For Dr. Coops, the Institute’s Mentorship Program, which matches experienced Institute Associates with early to mid-career Faculty to support interdisciplinary research, has brought about a unique kind of collaboration. It’s the first partnership of this kind in his career, combining his expertise in forest management and remote sensing with Dr. Johnson’s focus on ecohydrology.

The Program also supports collaboration between the two researchers’ graduate students (Rory Tooke and Michael Lathuillière), and is the first time the quartet has conducted research in an urban setting. The results have been an innovative new cross-disciplinary approach to understanding urban agriculture development.

“The graduate students have developed a new model, which I think is unique,” explains Dr. Coops, who is the Canada Research Chair in Remote Sensing. The modelling technique brings together data on how much and how well vegetation will grow in certain areas, the amount of energy or sunlight required to ensure budding and fruiting along with information about local plant water consumption. He says it’s the first time these three factors have been linked to provide insight into agriculture carrying capacity across Vancouver in such fine spatial detail.

To do so, the project has partnered with the City of Vancouver to obtain remote sensing imagery, also known as Light Detection and Ranging (LiDAR), which is a technology that measures distance and other geographical features by illuminating a target with a laser and analyzing the light that is reflected. LiDAR is a recent technology which is becoming more frequently used in high-spatial resolution urban map-making.

“The main challenge is the acquisition of data, because the data is quite extensive,” Dr. Coops says.

“But the results allow incredible detail, such as predictions of vegetation growth across the city within individual home-owners backyards, local gardens, parks and other lands.”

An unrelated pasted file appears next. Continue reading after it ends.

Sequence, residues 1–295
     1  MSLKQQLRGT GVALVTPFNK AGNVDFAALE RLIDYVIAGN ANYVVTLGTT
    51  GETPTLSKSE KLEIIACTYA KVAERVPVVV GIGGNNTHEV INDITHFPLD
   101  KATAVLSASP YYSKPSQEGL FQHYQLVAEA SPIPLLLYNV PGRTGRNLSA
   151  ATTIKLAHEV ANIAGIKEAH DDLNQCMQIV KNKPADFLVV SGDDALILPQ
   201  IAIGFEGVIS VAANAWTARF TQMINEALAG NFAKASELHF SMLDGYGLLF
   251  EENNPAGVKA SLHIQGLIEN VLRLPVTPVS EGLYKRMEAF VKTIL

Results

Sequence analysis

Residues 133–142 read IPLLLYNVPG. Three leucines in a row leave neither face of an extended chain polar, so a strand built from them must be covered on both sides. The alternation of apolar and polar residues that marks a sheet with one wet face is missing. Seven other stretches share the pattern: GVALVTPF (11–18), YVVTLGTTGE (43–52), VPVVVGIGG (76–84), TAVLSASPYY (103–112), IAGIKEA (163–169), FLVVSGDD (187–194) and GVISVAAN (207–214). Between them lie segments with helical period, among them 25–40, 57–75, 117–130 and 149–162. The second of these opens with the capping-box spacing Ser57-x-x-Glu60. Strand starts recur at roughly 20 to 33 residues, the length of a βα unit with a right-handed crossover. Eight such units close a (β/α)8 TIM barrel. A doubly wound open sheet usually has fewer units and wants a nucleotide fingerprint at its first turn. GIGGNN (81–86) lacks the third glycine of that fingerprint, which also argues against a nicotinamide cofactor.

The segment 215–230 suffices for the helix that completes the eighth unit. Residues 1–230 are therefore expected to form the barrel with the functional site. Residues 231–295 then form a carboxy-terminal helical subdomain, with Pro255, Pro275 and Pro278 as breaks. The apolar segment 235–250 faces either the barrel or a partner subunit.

Examples of LiDAR data inputs for the combined water use and food production model being developed by the project’s team. This example shows the area around UBC Farm. Insolation refers to the total amount of solar radiation energy received on a given surface area during a given time, and evapotranspiration is the sum of evaporation and the movement of water through plants into the atmosphere.

In addition to this data, Dr. Johnson plans to collect more specifics on plant water use under different conditions by placing sensors on plants, hoses, pipes and water meters in various local urban agricultural areas around Vancouver.

“We’re fairly close to the beginning [of the project],” Dr. Johnson says. Water use sensors were tested last August, but require a full growing season of data in order to test the models the team has developed.

“We want to encourage people to continue gardening and producing food,” says Dr. Johnson. “There are a lot of social benefits and community benefits that are derived from it.”

The researchers are now trying to obtain additional funding to develop a web-based tool to allow all Vancouverites the capacity to look at the conditions within their local neighbourhood and assess how much food could grow and the resulting implications on their water use.

“But we also need to think about where the water availability under future climates might be impacted by different uses, and start to make choices.”

Ultimately, Dr. Johnson says Vancouver is quite privileged with its relative abundance of fresh water. However, attention needs to be given to the type of water resources used as the city continues to move forward with its food sustainability goals.

“We might have constrained choices, but we’re not going to run out of water per se,” he reiterates. “The question comes down to the energy and resources that go into treating the water. The ideal situation is to match the quality of water with the use of that water.”